circulates, there is little to be got; but that 
where a great deal is in motion, some share 
of it may fall to them. The same maxim 
which would in this manner direct the common 
sense of one, or ten, or twenty individuals
should regulate the judgment of one, 
or ten, or twenty millions, and should make 
a whole nation regard the riches of its neighbours
as a probable cause and occasion for itself 
to acquire riches. A nation that would 
enrich itself by foreign trade, is certainly most 
likely to do so, when its neighbours are all 
rich, industrious and commercial nations. A 
great nation, surrounded on all sides by wandering 
savages and poor barbarians, might, no 
doubt, acquire riches by the cultivation of its 
own lands, and by its own interior commerce
but not by foreign trade. It seems to have 
been in this manner that the ancient Egyptians 
and the modern Chinese acquired their 
great wealth. The ancient Egyptians, it is 
said, neglected foreign commerce, and the modern 
Chinese, it is known, hold it in the utmost 
contempt, and scarce deign to afford it 
the decent protection of the laws. The modern 
maxims of foreign commerce, by aiming 
at the impoverishment of all our neighbours
so far as they are capable of producing their 
intended effect, tend to render that very commerce 
insignificant and contemptible. 
It is in consequence of these maxims, that 
the commerce between France and England 
has, in both countries, been subjected to so 
many discouragements and restraints. If those 
two countries, however, were to consider their 
real interest, without either mercantile jealousy 
or national animosity, the commerce of France 
might be more advantageous to Great Britain 
than that of any other country, and, for the 
same reason, that of Great Britain to France. 
France is the nearest neighbour to Great Britain
In the trade between the southern coast 
of England and the northern and north-western 
coast of France, the returns might be expected
in the same manner as in the inland 
trade, four, five, or six times in the year. The 
capital, therefore, employed in this trade could, 
in each of the two countries, keep in motion 
four, five, or six times the quantity of industry
and afford employment and subsistence 
to four, five, or six times the number of people
which an equal capital could do in the 
greater part of the other branches of foreign 
trade. Between the parts of France and Great 
Britain most remote from one another, the 
returns might be expected, at least, once in 
the year; and even this trade would so far be 
at least equally advantageous, as the greater 
part of the other branches of our foreign European 
trade. It would be, at least, three 
times more advantageous than the boasted 
trade with our North American colonies, in 
which the returns were seldom made in less 
than three years, frequently not in less than 
four or five years. France, besides, is supposed 
to contain 24,000,000 of inhabitants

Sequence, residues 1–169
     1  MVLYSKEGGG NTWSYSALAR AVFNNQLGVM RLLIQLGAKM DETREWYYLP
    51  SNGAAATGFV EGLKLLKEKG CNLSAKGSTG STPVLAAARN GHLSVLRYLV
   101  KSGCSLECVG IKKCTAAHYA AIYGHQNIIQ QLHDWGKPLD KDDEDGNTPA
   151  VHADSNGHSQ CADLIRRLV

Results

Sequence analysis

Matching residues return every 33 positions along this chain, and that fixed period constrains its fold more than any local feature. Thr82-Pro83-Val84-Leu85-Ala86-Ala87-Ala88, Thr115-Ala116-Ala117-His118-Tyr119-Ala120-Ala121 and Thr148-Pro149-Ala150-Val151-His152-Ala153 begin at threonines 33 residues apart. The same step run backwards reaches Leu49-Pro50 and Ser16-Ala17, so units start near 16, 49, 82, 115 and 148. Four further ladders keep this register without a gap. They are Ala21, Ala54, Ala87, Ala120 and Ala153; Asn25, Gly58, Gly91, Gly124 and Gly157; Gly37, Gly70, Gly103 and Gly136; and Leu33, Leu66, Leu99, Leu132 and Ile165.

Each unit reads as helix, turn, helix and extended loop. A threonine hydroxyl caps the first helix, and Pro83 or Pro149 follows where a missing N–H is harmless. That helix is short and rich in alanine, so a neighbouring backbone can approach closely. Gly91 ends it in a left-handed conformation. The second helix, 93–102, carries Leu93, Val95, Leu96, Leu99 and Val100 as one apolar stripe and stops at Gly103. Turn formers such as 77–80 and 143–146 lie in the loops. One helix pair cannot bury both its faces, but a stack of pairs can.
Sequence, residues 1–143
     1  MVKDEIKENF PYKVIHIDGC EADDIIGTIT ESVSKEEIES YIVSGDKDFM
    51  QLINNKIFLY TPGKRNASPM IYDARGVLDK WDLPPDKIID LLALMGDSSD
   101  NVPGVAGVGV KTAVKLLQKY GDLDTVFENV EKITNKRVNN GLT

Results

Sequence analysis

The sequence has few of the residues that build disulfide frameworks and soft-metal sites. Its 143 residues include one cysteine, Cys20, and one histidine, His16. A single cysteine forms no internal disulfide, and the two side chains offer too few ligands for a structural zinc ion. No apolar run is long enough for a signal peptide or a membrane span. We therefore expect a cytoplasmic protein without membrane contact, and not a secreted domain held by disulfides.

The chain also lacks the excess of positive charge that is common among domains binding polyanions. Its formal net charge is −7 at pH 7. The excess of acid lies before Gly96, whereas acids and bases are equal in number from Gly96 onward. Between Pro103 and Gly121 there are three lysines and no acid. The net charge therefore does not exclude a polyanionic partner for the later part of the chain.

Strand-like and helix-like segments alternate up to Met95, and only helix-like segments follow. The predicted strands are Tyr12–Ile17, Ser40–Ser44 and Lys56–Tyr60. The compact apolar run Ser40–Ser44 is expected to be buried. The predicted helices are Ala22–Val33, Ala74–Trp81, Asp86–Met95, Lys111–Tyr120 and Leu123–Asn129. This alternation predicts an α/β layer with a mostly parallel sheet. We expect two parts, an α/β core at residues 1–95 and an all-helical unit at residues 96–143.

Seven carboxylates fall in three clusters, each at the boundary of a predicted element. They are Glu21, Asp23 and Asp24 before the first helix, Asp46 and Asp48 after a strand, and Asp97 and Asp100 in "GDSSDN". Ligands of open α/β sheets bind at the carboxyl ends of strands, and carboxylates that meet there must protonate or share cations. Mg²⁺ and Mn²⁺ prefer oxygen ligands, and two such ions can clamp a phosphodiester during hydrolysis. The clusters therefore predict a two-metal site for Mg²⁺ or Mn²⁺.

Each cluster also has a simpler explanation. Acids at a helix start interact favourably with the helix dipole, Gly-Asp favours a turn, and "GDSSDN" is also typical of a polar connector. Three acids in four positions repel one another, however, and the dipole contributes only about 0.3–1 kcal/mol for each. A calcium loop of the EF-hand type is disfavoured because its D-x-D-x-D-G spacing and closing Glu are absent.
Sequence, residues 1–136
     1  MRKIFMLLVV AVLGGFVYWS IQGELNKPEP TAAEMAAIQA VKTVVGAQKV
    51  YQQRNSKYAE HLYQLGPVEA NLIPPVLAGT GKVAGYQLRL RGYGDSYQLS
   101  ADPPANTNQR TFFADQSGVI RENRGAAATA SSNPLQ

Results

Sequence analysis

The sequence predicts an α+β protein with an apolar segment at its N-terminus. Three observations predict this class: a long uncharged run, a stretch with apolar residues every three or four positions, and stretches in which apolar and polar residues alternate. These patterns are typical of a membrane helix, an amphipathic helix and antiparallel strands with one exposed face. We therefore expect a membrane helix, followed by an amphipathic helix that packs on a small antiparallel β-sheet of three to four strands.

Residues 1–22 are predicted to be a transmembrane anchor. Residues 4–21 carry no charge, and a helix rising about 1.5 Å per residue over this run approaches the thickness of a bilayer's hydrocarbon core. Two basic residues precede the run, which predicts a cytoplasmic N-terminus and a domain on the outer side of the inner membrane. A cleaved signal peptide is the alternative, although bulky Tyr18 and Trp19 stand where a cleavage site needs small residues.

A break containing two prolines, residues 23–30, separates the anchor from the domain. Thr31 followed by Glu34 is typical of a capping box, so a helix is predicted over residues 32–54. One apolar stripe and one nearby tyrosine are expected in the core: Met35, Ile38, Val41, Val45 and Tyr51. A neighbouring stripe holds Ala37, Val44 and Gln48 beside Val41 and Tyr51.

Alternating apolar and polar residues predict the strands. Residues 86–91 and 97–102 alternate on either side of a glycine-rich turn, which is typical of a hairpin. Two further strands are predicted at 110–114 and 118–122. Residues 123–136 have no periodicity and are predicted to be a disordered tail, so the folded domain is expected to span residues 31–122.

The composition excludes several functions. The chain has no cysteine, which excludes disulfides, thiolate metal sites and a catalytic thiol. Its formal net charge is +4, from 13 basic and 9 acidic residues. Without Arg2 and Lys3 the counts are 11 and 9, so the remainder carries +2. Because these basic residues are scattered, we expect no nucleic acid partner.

Our North American colonies were never supposed 
to contain more than 3,000,000; and 
France is a much richer country than North 
America; though, on account of the more 
unequal distribution of riches, there is much 
more poverty and beggary in the one country 
than in the other. France, therefore, could 
afford a market at least eight times more extensive
and, on account of the superior frequency 
of the returns, four-and-twenty times 
more advantageous than that which our North 
American colonies ever afforded. The trade 
of Great Britain would be just as advantageous 
to France, and, in proportion to the 
wealth, population, and proximity of the respective 
countries, would have the same superiority 
over that which France carries on with 
her own colonies. Such is the very great 
difference between that trade which the wisdom 
of both nations has thought proper to 
discourage, and that which it has favoured the 
But the very same circumstances which 
would have rendered an open and free commerce 
between the two countries so advantageous 
to both, have occasioned the principal 
obstructions to that commerce. Being neighbours
they are necessarily enemies, and the 
wealth and power of each becomes, upon that 
account, more formidable to the other; and 
what would increase the advantage of national 
friendship, serves only to inflame the violence 
of national animosity. They are both rich and 
industrious nations; and the merchants and 
manufacturers of each dread the competition 
of the skill and activity of those of the other. 
Mercantile jealousy is excited, and both inflames
and is itself inflamed, by the violence 
of national animosity, and the traders of both 
countries have announced, with all the passionate 
confidence of interested falsehood, the certain 
ruin of each, in consequence of that unfavourable 
balance of trade, which, they pretend, 
would be the infallible effect of an unrestrained 
commerce with the other. 
There is no commercial country in Europe
of which the approaching ruin has not frequently 
been foretold by the pretended doctors 
of this system, from an unfavourable balance 
of trade. After all the anxiety, however, 
which they have excited about this, after 
all the vain attempts of almost all trading nations 
to turn that balance in their own favour
and against their neighbours, it does not appear 
that any one nation in Europe has been, 
in any respect, impoverished by this cause. 
Every town and country, on the contrary, in 
proportion as they have opened their ports to 
all nations, instead of being ruined by this 
free trade, as the principles of the commercial 
system would lead us to expect, have been enriched 
by it. Though there are in Europe
indeed, a few towns which, in some respects, 
deserve the name of free ports, there is no